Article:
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Previn plays Previn
Previn plays Previn

Previn plays Previn (CD)

Boston Symphony Orchestra


Two brilliant live world premiere recordings with André Previn performing at the 2011 Prague Spring Festival and in Symphony Hall, Boston.

The celebrated musical versatility of André Previn (b. 1929) is at the root of these two clarinet-friendly pieces, both written for BSO clarinetist Thomas Martin. André Previn the conductor of classical music has been working with the Boston Symphony Orchestra for more than thirty years now, and has also performed with many of its players as a pianist in chamber music settings. Although the BSO and subsets thereof have played Previn-the-composer's chamber and orchestral music on many occasions, the last decade has brought several high-profile collaborations involving him as both conductor and composer. The first of these was his Violin Concerto Anne-Sophie, commissioned by the BSO and written for the orchestra and violinist Anne-Sophie Mutter, who premiered it under Previn's direction in March 2001. Since then, the BSO commissioned and premiered his "orchestral nocturne" Owls (October 2008), and premiered his Double Concerto for violin, double bass, and orchestra, with Mutter and double bassist Roman Patkoló, in April 2007. The BSO also commissioned his Octet for Eleven for the Boston Symphony Chamber Players, who premiered it in October 2010. Previn has also played a few small-group jazz concerts at Tanglewood.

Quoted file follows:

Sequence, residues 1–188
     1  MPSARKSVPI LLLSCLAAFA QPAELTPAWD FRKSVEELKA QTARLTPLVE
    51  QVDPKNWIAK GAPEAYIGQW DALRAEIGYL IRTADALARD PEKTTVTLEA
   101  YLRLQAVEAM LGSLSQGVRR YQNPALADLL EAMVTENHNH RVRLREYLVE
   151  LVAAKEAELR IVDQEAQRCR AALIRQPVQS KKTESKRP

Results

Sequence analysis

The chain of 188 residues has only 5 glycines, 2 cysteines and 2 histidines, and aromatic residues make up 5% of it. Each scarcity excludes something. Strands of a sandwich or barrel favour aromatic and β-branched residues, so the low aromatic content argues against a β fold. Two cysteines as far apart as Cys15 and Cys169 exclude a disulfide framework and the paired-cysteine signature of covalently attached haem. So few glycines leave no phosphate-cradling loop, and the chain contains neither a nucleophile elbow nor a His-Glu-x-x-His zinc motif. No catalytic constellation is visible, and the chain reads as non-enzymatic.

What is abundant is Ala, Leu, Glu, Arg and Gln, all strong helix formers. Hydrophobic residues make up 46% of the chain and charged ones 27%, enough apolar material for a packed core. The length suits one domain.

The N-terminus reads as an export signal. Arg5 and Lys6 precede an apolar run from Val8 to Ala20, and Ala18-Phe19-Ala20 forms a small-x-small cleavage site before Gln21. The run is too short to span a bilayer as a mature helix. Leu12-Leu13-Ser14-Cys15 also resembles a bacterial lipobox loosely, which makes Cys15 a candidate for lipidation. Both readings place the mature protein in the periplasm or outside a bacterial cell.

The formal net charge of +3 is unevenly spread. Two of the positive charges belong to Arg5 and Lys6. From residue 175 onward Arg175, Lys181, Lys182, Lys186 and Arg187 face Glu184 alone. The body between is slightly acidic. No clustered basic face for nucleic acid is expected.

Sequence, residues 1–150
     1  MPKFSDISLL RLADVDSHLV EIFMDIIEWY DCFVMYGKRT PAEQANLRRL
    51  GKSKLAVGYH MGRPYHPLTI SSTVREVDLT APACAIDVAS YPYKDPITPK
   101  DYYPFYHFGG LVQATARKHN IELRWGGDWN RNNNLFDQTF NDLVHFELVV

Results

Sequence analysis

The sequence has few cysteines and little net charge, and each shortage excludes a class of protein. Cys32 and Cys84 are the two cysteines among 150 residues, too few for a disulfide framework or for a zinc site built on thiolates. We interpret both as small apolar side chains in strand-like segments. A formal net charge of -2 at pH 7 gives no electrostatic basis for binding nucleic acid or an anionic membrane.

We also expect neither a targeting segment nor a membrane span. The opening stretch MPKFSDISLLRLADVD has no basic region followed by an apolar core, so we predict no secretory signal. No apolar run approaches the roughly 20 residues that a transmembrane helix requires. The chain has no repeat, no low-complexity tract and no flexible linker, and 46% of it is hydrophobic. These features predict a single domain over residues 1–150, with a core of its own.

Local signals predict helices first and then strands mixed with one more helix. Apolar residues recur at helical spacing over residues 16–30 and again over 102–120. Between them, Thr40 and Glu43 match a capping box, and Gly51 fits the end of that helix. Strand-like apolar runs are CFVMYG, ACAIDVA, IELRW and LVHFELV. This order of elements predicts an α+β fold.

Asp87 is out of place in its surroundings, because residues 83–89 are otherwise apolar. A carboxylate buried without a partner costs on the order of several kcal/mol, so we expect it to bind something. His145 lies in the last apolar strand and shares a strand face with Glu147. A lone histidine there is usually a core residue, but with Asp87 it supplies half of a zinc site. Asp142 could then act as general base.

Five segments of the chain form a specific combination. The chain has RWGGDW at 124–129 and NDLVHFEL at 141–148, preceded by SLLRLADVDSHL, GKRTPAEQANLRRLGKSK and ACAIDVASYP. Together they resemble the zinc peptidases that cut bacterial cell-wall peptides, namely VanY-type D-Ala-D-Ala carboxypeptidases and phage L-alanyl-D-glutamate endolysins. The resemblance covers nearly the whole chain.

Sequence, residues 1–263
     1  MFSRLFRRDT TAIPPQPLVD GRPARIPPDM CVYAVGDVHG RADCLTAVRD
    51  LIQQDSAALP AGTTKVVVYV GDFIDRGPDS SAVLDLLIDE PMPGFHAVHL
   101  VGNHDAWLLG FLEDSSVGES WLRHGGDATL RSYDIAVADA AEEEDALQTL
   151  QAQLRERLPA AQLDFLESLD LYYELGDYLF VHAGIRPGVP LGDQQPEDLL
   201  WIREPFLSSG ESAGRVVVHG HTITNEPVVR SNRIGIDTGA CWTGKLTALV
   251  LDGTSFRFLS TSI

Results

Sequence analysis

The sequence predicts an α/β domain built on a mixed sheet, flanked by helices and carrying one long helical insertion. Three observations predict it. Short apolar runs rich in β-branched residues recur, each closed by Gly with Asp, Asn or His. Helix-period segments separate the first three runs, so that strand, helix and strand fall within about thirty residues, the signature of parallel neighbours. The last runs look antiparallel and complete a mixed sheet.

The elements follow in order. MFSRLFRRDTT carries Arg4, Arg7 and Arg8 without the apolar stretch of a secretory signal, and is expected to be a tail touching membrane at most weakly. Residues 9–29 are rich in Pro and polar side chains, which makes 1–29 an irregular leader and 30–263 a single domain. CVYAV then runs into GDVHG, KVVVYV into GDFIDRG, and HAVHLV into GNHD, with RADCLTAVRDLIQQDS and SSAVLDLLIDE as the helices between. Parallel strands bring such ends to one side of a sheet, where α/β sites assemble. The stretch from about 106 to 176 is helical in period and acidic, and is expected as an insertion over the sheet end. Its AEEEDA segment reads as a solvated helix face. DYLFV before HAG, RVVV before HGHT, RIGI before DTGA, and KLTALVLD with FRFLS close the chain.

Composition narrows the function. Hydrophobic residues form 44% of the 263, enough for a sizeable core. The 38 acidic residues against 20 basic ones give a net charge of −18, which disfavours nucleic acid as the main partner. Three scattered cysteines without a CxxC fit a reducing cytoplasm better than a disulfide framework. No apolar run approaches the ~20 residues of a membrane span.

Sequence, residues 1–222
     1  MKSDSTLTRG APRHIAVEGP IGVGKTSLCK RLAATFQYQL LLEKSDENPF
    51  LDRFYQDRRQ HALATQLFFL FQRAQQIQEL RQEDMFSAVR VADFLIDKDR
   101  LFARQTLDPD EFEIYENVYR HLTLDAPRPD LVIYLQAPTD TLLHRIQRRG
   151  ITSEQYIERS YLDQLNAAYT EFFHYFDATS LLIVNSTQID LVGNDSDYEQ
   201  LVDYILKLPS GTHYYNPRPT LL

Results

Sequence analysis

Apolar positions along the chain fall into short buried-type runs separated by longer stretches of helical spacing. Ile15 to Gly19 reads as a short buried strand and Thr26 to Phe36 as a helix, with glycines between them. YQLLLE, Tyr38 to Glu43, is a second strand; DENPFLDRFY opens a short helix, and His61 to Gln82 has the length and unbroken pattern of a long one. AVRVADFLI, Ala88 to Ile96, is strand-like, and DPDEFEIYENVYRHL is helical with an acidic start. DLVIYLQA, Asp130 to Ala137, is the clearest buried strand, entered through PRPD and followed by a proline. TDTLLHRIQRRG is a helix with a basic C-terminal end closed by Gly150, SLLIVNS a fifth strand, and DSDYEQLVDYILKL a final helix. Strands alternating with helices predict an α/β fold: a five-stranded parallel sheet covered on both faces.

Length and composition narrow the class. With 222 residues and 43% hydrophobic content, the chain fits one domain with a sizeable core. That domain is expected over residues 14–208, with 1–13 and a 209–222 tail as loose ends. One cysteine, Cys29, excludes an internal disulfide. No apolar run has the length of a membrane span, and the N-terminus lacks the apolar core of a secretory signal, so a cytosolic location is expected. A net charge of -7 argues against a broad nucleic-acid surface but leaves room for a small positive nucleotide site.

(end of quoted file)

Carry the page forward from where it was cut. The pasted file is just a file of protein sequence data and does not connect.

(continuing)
It was during this period of heady collaboration that Tom Martin, who has a particular affinity for the clarinet's jazz history, engaged André Previn-the-jazz-musician in conversation. Martin asked him to autograph an LP of Previn's 1958 collaboration with Benny Goodman, "The King and Me" and was treated to anecdotes about those sessions, on which Previn was both composer and pianist. ("The King" is of course Goodman, the King of Swing, and the title is a takeoff on the Rodgers and Hammerstein musical The King and I.) A year later Martin, increasingly impressed with the range and depth of Previn's musicianship (and especially the writing for winds in the Violin Concerto), asked the composer to write a new sonata for clarinet and piano, with Martin himself providing the commission. Previn agreed, but a couple of years passed before he could write the piece. The kick-start for its composition was an opportunity proposed by Terezín Music Foundation director Mark Ludwig for it to premiere at the 2010 Prague Spring Festival, where Martin was to perform along with the Hawthorne String Quartet. Ludwig suggested that Previn be the pianist in the premiere of the sonata. The organizers agreed and went one step further, naming Previn the featured composer for that season's festival.